Hawaii Legislature Approves Civil Unions - New Family Law Issues in the Making

In a dramatic last-minute reversal yesterday, the state Legislature sent Governor Linda Lingle a bill legalizing civil unions between any two consenting adults (whether same-sex or not).

House Bill 444 allows any adult couple the same rights and benefits the state provides to those who marry. If the Governor signs the measure, Hawaii would be one of six states giving all the rights of marriage to consenting adults, including same-sex couples, but without calling it marriage. She has not indicated whether she will sign or veto the legislation.

The House vote came yesterday evening after an afternoon spent in caucus and marked with procedural votes that showed supporters had a 31-vote majority with 20 opposed. Thirty-four votes are needed to override a veto.

Island faith leaders reacted to the bill's passage with jubilation or dismay, reflecting conflicting religious beliefs that have heated political dialogue on gay rights for decades. The Rev. Marc Alexander, vicar general of the Catholic diocese, said, "We are disappointed, and we hope and pray the governor will veto the bill, both because of the content—which is marriage in disguise—and because it is poor legislation."

The Rev. John Heidel, president of the Interfaith Alliance of Hawaii, said, "We have a great sense of relief and happiness for all of those people in our community who, in the past, have been denied their civil rights and who can now enjoy full benefits of citizenship."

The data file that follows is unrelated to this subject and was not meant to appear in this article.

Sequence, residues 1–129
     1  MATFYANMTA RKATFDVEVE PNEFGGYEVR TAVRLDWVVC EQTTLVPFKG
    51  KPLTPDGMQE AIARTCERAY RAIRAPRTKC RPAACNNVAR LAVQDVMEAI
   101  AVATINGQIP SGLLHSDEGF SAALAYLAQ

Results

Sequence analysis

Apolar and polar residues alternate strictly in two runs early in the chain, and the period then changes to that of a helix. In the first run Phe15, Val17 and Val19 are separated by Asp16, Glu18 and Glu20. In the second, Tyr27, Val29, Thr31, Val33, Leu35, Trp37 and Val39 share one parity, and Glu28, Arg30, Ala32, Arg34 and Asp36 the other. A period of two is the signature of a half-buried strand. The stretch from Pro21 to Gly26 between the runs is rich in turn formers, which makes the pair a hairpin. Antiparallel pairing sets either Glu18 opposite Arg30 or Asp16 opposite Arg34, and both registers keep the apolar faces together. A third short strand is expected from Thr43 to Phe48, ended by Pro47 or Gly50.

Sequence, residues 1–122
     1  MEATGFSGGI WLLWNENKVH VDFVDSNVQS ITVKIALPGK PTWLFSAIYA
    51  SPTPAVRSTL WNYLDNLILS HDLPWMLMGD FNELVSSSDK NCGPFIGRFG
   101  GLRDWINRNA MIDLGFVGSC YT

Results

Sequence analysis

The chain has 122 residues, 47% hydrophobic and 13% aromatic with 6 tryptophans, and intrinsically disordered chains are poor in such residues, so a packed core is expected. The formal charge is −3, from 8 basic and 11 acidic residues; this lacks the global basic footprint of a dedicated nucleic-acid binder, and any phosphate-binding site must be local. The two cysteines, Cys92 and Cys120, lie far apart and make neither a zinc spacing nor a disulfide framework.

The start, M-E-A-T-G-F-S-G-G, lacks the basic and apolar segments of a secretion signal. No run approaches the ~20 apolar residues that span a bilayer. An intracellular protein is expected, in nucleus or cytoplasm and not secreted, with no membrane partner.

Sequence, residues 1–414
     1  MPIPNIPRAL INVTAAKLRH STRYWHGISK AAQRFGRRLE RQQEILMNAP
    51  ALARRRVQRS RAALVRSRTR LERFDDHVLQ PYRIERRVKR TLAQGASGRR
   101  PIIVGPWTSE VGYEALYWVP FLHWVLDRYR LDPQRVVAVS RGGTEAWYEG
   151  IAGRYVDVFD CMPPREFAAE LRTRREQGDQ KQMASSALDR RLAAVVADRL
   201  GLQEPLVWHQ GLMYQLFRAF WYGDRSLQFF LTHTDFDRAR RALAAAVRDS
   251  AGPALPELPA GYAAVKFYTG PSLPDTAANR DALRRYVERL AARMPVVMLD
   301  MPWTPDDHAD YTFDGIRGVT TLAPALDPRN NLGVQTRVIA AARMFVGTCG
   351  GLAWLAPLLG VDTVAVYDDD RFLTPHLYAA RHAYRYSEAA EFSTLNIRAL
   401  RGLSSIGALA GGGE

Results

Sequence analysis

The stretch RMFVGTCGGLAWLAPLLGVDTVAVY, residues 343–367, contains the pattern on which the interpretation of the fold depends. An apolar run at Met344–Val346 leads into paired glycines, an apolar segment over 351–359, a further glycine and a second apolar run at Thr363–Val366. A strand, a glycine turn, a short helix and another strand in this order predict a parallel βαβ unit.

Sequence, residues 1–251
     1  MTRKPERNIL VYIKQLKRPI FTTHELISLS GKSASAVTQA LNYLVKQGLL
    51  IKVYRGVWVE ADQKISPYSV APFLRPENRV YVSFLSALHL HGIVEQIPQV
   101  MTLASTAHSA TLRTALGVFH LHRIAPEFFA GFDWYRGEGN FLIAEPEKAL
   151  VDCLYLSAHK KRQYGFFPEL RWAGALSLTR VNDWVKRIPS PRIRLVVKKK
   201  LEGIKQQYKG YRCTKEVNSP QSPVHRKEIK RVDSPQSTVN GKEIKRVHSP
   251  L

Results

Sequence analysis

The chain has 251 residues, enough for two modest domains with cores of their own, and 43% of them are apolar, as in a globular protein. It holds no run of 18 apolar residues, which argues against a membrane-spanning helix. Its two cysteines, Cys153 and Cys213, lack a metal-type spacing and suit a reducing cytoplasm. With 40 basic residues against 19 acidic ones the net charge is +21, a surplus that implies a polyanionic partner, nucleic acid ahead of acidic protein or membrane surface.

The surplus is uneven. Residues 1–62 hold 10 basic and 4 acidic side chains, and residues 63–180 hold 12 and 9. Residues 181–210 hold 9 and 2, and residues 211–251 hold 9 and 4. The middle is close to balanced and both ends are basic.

Catholic Bishop Larry Silva sent lawmakers a letter earlier commending them for not passing the bill and emphasizing the importance of marriage as a union between a man and a woman as "a human institution that goes beyond all religious affiliations."

Legislative opponents from the first vote warned yesterday that even taking the bill up again was political suicide. "This is unfair and untimely," said Rep. Gene Ward (R, Hawaii Kai), who voted against the bill. "This is going to cause chaos in the community."

Now the bill's fate lies with Lingle, who was en route home from California last night.
The measure has a convoluted history. On the final day of the Legislature last year, the bill was pulled from a deadlocked Senate Judiciary Committee, then it was amended, meaning it could not pass in the time allotted. But in January the Senate passed the bill 18-7. The House then postponed a decision "indefinitely" on a controversial voice vote, ordered by House Speaker Calvin Say. The essentially anonymous vote caused both opponents and supporters to criticize Say for hiding the vote. Yesterday's action was seen as a reversal.

"We are supposed to do what is right instead of worrying about re-election," said Sen. Michelle Kidani (D, Mililani-Waipio). But there are likely to be political repercussions. Kidani acknowledged that campaigning this year "will be more difficult."

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